My love for millets is unstoppable when it comes to innovating recipes. What attracts me most are their health benefits and the versatility in texture, taste and colour. The grains can be put to good use if you understand the distinct taste of different millets. And that only happens over time. They are, after all, superfoods of the future!
Recently, when I conducted a webinar, my online participants were curious to know how easy it is to move on to 100 per cent gluten-free food habits. Before answering them, I replied with my own worried question, “Why do you want to go 100 per cent gluten-free?”
In all these years, and especially after having started working with millets and meeting people across countries, I have my own set of learnings that I would like to share.
1. You don’t have to be gluten-intolerant to start using millets. Don’t wait for that ticking alarm. In fact, adding more variety to your grain platter will keep your gluten metre positioned rightly.
2. And vice versa too. Unless you are diagnosed gluten-intolerant, don’t give up on wheat, rice and all those grains that you have been eating since childhood. Millets are not a fad. They certainly are trending, so bring them in, but do not hate the food you have memories with. Adding variety to our food is key.
3. There is a difference between gluten intolerant and gluten sensitive. Alas, many doctors arbitrarily recommend gluten-free diets and this in turn escalates the problem for someone who doesn’t want to give up on their favourite ‘dal chawal sabzi roti meals’.
4. Add more millets, but don’t overdo it. Go gluten-free only if intolerant.
5. Keep trying out recipes and have fun cooking with millets.
6. Please don’t consider millets as medicines. They are cool, versatile grains. You should enjoy cooking with them.
Recently, in one of my winter special workshop series, I decided to bring in more starters with millets. And this Pearl Millet (Bajra) Stuffed Sweet Potatoes were a big hit. Do try this recipe at home today. I am sure you will know why I insist on having fun with millets rather than forcibly adding them. Read more for its step-by-step recipe and the health benefits of pearl millet and sweet potatoes.
Bajra Stuffed Sweet Potatoes
1 cup – bajra grains (soaked overnight)
¼ cup – onions, finely chopped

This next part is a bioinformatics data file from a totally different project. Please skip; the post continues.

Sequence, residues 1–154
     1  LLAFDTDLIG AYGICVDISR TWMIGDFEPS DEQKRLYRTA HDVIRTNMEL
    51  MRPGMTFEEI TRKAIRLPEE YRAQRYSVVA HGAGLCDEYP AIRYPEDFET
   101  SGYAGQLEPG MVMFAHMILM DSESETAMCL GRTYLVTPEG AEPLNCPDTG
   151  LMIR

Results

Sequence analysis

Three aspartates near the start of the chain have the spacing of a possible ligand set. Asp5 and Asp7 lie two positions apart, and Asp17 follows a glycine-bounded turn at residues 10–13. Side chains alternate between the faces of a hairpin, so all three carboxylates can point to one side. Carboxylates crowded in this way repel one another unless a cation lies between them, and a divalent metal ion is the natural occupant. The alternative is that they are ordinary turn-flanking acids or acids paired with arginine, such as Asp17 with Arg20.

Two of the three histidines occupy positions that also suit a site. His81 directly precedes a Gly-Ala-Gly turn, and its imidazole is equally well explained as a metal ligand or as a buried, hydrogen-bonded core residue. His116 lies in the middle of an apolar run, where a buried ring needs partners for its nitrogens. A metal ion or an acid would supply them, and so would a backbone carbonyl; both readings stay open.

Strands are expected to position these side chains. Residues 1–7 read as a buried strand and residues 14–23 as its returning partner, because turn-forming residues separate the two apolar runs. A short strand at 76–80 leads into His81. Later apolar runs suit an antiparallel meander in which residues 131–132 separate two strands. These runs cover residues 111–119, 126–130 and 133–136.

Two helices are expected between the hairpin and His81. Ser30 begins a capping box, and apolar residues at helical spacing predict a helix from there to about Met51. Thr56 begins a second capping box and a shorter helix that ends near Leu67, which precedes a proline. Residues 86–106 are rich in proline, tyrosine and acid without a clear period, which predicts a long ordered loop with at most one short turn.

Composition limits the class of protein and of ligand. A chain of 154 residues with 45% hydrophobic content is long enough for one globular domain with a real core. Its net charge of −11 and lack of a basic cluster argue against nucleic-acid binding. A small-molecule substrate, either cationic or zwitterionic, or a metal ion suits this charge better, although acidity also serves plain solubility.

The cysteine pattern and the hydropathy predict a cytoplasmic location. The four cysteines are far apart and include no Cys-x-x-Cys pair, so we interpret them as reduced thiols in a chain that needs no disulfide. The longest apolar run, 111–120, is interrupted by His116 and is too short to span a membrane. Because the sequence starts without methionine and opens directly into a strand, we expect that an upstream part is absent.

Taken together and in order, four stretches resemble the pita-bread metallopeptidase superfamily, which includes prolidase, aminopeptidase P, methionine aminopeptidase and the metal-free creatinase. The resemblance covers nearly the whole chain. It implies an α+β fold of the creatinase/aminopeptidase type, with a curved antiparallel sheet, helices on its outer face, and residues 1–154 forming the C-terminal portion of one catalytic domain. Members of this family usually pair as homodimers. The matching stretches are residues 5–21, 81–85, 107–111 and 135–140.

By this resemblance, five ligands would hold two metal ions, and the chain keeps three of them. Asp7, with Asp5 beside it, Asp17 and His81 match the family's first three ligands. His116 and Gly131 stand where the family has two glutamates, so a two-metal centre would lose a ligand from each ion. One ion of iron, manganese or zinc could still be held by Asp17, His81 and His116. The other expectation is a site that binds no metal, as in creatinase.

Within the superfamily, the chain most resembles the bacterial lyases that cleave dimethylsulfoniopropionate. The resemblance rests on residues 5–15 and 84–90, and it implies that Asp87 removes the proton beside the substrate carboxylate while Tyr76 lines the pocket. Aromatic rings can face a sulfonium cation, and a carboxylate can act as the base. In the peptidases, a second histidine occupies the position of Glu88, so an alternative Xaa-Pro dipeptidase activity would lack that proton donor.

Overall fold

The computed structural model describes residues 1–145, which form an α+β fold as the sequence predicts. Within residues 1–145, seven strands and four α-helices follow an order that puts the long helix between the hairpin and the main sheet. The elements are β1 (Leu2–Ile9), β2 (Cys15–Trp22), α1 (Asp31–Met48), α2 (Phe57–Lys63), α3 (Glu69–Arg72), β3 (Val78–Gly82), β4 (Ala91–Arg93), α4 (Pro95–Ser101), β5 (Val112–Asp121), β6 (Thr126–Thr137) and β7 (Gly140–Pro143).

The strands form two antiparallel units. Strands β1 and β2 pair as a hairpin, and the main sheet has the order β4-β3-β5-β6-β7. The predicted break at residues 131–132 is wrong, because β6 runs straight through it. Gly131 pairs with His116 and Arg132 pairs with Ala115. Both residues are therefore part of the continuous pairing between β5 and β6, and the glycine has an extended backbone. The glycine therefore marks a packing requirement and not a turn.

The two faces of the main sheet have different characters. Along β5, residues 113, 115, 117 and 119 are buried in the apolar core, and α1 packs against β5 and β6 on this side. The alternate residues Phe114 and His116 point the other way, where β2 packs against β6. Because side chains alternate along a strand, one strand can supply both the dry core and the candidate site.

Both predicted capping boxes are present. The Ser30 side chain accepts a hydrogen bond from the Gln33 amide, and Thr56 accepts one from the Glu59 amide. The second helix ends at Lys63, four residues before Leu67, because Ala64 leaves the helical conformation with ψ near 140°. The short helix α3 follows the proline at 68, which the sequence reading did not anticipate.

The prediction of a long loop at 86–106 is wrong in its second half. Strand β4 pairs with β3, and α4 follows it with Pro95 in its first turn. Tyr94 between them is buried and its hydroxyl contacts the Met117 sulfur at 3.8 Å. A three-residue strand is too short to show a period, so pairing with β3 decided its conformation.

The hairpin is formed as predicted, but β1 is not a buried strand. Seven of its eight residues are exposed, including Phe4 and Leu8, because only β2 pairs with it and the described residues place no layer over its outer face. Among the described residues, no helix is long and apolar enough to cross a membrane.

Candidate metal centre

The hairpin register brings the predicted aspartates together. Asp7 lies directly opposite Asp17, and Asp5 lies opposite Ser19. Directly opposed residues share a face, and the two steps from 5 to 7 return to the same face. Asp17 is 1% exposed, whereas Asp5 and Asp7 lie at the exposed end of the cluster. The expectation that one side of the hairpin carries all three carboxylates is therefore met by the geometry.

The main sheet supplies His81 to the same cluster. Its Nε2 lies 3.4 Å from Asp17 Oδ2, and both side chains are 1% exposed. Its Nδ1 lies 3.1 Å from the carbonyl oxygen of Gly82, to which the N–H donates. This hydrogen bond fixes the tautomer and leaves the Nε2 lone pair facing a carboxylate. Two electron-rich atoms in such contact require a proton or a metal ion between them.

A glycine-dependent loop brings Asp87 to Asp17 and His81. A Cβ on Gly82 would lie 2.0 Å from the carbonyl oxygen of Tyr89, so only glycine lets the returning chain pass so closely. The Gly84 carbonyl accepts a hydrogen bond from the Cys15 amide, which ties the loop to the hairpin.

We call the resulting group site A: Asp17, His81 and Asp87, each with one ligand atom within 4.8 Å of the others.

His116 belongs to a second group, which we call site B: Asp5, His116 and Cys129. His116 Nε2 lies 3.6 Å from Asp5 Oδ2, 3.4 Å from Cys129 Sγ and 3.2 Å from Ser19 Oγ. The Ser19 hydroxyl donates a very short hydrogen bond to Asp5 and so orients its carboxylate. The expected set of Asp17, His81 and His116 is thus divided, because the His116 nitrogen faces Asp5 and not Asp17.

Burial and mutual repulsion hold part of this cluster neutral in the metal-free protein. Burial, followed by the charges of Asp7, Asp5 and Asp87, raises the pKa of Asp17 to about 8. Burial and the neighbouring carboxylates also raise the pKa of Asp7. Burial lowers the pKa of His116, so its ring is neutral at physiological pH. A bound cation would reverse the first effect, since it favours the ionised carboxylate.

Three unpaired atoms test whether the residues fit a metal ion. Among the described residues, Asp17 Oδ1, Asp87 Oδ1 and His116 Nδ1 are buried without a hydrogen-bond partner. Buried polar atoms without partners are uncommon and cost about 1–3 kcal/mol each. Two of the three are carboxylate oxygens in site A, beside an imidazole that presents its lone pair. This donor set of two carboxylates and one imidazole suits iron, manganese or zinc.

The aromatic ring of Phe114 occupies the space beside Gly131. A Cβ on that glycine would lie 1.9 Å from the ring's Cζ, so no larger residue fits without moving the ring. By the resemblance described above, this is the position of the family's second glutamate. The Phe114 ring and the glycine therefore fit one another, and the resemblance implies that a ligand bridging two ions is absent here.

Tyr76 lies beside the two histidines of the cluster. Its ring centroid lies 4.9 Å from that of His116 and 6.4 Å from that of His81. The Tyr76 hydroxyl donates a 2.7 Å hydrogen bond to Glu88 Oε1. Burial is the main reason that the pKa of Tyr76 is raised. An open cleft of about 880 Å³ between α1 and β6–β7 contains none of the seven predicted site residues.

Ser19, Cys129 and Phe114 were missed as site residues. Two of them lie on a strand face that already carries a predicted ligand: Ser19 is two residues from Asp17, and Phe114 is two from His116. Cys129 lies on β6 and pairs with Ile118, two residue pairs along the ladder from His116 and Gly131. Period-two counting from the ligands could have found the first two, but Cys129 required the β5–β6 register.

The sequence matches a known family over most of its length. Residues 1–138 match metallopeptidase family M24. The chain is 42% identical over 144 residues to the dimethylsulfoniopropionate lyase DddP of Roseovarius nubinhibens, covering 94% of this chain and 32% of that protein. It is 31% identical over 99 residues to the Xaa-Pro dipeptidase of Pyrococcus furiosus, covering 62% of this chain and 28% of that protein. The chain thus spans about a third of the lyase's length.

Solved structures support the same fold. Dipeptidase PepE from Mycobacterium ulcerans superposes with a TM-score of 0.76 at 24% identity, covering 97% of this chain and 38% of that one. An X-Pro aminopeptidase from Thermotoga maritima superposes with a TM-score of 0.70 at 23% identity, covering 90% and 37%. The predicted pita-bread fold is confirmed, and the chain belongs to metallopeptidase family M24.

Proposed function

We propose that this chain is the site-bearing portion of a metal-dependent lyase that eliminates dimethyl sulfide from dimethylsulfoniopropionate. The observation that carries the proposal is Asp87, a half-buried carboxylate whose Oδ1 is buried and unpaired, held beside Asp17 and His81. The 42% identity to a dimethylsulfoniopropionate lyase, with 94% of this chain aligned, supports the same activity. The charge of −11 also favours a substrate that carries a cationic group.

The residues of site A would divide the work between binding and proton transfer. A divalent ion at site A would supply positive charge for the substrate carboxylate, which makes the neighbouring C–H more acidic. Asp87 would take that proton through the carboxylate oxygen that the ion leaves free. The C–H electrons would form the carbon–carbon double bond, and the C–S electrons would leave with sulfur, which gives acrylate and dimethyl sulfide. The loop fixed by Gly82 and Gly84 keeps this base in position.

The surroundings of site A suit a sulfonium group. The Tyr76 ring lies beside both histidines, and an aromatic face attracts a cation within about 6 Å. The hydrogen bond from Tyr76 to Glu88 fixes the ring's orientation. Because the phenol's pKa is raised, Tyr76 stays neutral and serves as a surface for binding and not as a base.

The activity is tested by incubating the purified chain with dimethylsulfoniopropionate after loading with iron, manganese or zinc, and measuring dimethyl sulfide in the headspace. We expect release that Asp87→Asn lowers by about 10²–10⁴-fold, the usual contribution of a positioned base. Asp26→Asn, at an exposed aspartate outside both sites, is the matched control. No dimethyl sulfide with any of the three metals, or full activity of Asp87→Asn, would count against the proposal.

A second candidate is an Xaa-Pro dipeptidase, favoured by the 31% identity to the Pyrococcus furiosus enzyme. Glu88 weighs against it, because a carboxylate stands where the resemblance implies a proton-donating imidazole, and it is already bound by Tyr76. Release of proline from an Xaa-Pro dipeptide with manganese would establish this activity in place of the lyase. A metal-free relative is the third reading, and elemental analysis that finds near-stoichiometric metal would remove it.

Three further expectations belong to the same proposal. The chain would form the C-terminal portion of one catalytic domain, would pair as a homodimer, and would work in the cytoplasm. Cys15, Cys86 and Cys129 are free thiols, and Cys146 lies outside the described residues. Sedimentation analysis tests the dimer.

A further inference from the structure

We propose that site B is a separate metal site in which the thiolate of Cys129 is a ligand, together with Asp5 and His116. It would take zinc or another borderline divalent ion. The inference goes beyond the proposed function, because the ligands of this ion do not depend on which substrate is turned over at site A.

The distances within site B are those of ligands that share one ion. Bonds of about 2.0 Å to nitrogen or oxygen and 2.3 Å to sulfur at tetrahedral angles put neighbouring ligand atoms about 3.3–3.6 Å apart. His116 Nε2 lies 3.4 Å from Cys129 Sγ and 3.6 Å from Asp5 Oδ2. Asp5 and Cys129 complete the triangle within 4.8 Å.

¼ cup – bell peppers, finely chopped
¼ cup – kidney beans
¼ cup – steamed corn
Some fresh coriander
1 tsp – extra virgin olive oil
1 tsp – lemon Juice
1 tsp – red chilli flakes
A pinch of black pepper
Rock salt (to taste)
½ tsp – jaggery powder
2-3 – medium sized sweet potatoes
2 – cheese cubes (grated)
1. Thoroughly wash the millets and cook them in an open vessel in salted boiling water. Cook for 10-15 minutes till the grain gets a tad bit tender.
2. To bake sweet potatoes, cut in halves vertically, prick them nicely with a fork. Coat (marinate) them with oil, chilli flakes and some rock salt. You can add some herbs too.
3. Preheat the oven to 180ºC. Place marinated sweet potatoes on a baking sheet and bake for 20-30 minutes.
4. Meanwhile, heat the virgin olive oil in a large pan. Add the onion and bell peppers and sauté until tender, for about 5 minutes.
5. Add corn, cooked Bajra kernels, kidney beans and spices and cook 2 – 3 more minutes.
6. Turn the flame off. Pour in the lemon juice and add ½ tsp Jaggery powder. This stuffing makes for a yummy winter salad too. Keep it aside.
7. When sweet potatoes are fork tender, remove from the oven and let it rest for 5 minutes. Press the surface with your thumb to make a cavity. Fill it up with Bajra salad and a sprinkle of grated cheese on top followed by fresh coriander leaves.
8. Grill the Bajra sweet potatoes till the cheese melts nicely. Serve it sizzling hot and pair it with your favourite dip. I pair it with homemade tomato salsa.
Health benefits of bajra (pearl millet) and sweet potatoes
Bajra (Pearl Millet) offers various health benefits and is a good grain to have in your diet. It has high amounts of fibre and aids digestion. It also lowers your bad cholesterol while increasing the good cholesterol in your system and is therefore very good for your cardiovascular health. It is rich in antioxidants and can prevent the occurrence of cancer, particularly breast cancer. It can help prevent asthma. It is very good for your muscular system and is known for its high vitamin B content, which allows it to break down the carbohydrates and fat in your body. It also helps prevent celiac disease.
Sweet potatoes are nutrient-dense root vegetables that come in a variety of colours. They are high in fibre and antioxidants, which protect your body from free radical damage and promote a healthy gut and brain. They’re also incredibly rich in beta-carotene, which is converted to vitamin A to support good vision and your immune system. Sweet potatoes are versatile and can be prepared in both sweet and savoury dishes, making them an exceptional carb option for most people.
Shalini Rajani is the founder of Crazy Kadchi and holds innovative and healthy cooking workshops for all age groups.
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